• Both the S. and the European space agencies have Venus missions planned for 2031 —VERITAS and EnVision, respectively.


ISRO had originally hoped to launch Shukrayaan I in mid-2023 but cited the pandemic when it pushed the date to December 2024. Other ISRO missions, including Aditya L1 and Chandrayaan III, have also been affected by manufacturing delays and commercial launch commitments.


The first evidence of solitary waves near Mars may decode the mystery behind ion loss on the planet

Source: PIB

 Context: Scientists have reported the first evidence of the presence of solitary waves or distinct electric field fluctuations in the Martian magnetosphere.


The study of these waves is crucial as they directly control particle energization, plasma loss, transport, etc., through wave-particle interactions.


About Solitary Waves:

  • Solitary waves are distinct electric field fluctuations (bipolar or monopolar) that follow constant amplitude-phase relations. Their shape and size are less affected during their propagation.
  • These pulses are dominantly seen in the dawn and afternoon dusk sectors at an altitude of 1000–3500 km around Mars. The dominant occurrence of solitary waves in the dawn and dusk sector is still a mystery and needs further investigation.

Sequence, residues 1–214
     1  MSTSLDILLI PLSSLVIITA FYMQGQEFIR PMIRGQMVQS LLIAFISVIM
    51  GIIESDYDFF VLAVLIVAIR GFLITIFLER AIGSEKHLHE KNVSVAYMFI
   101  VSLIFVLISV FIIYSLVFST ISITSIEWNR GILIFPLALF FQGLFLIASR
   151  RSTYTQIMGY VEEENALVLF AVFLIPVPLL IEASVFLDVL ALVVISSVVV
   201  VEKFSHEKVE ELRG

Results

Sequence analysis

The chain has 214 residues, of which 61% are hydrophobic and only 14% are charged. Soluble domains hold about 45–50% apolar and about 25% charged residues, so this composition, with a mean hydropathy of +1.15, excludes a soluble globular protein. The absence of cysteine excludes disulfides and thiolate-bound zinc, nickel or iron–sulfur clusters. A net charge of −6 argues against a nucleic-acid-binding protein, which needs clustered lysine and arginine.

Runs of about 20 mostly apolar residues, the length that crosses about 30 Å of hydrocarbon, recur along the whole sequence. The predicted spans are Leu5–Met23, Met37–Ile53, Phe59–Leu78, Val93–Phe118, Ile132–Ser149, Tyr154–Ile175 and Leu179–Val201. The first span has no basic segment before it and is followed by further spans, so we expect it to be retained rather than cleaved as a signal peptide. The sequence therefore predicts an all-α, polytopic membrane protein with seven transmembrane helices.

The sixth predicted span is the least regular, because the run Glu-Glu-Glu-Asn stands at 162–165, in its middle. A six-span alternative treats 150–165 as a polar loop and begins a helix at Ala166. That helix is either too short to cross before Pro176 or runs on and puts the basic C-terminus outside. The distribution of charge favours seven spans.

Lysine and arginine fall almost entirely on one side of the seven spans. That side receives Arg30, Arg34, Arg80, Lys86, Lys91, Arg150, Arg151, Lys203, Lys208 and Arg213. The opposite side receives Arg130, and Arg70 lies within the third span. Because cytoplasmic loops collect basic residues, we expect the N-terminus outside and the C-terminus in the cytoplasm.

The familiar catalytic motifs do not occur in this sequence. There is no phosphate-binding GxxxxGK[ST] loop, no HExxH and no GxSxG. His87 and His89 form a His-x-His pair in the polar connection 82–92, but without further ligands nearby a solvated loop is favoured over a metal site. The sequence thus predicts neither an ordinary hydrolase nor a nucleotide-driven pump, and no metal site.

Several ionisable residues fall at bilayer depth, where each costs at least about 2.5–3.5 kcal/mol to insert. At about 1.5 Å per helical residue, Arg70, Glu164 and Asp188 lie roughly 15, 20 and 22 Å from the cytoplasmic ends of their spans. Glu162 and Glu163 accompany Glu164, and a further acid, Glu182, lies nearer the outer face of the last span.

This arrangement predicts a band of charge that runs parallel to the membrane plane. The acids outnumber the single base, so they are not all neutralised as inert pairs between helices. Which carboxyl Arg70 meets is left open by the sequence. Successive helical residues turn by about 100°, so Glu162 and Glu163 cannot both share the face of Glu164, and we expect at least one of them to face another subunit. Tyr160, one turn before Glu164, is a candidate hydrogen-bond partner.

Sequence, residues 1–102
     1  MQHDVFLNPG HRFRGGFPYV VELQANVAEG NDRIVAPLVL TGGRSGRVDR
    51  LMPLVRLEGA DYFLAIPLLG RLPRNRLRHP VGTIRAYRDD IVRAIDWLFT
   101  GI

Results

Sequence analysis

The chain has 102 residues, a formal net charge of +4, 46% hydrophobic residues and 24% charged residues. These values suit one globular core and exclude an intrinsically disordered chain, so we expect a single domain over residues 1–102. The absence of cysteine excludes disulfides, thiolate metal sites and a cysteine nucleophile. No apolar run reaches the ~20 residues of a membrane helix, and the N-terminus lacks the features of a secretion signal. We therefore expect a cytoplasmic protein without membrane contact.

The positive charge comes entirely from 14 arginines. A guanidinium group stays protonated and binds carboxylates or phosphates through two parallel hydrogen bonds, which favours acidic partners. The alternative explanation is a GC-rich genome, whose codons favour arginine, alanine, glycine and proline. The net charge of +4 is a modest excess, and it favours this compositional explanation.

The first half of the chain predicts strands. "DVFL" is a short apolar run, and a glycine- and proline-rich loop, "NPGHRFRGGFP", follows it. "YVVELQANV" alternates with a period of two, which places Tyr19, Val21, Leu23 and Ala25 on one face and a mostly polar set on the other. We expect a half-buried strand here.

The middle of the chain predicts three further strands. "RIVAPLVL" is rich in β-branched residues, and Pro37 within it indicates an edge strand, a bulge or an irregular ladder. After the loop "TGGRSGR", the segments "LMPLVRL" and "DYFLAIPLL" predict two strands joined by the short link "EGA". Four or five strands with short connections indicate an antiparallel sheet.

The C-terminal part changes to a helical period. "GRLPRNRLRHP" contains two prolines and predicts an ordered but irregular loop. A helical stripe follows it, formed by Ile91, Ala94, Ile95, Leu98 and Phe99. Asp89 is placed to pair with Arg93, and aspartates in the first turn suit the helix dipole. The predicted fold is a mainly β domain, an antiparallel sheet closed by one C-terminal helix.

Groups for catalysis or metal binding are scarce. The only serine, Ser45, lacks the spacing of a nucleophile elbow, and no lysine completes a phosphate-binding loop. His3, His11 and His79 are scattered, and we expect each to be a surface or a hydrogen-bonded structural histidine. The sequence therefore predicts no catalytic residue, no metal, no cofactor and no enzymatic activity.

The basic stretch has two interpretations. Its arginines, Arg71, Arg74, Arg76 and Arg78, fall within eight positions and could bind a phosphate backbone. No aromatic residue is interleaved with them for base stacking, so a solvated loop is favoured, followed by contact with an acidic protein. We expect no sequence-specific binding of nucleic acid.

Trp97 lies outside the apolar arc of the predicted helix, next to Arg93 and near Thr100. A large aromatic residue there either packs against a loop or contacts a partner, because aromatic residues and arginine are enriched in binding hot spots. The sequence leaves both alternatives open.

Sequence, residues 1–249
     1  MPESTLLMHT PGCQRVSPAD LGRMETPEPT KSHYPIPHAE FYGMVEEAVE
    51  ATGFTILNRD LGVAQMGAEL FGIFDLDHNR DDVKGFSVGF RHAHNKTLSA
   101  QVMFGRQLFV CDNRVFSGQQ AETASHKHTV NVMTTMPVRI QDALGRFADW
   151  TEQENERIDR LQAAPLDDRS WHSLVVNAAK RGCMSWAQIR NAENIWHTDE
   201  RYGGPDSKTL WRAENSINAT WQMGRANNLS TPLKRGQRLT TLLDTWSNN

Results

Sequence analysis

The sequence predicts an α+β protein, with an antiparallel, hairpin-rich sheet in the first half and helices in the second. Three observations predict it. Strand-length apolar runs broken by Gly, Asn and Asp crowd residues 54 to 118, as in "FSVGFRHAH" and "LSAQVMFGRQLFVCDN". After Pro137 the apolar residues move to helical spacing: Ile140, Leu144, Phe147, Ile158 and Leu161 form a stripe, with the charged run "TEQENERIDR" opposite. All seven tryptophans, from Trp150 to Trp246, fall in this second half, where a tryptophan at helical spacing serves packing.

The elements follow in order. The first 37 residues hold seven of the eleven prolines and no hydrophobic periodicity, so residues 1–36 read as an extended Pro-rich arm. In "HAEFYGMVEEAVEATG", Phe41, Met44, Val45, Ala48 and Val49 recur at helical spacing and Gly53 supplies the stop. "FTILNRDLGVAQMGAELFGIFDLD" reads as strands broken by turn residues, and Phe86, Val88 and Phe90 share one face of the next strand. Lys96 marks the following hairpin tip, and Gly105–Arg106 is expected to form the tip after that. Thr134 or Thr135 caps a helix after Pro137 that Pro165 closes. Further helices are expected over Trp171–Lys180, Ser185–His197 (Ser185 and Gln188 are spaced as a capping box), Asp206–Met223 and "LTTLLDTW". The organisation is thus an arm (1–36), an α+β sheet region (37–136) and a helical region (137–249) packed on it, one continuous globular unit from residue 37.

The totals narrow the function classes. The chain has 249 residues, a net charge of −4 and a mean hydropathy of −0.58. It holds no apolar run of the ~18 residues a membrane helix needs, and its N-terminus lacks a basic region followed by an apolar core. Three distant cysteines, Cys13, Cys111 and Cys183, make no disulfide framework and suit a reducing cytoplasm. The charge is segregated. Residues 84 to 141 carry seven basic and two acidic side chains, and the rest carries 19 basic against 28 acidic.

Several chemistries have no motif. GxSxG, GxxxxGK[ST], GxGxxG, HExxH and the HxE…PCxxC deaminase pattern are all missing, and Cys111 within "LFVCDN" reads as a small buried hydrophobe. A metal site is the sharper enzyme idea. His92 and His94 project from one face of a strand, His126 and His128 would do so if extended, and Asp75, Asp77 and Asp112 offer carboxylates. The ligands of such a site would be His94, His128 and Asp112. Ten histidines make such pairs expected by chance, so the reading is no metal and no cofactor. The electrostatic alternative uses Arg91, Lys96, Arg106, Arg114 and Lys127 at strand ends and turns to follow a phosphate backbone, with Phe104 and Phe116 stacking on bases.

• As these waves are known to be responsible for the plasma energization and its transport in Earth’s magnetosphere, the team is further exploring their role in the particle dynamics in the Martian magnetosphere and whether such waves play any role in the loss of atmospheric ions on Mars.


VARUNA’ – 2023

Source: PIB

Context: The 21st Edition of the Bilateral Naval Exercise between India and France – Exercise Varuna commenced on the Western Seaboard

While the bilateral exercise between the two navies was initiated in 1993, it was christened as ‘VARUNA’ in 2001 and has become a hallmark of the India – France strategic bilateral relationship.


The exercise facilitates operational-level interaction between the two navies to foster mutual cooperation for good order at sea, underscoring the shared commitment of both nations to security, safety, and freedom of the global maritime commons.


List of exercises between India and France: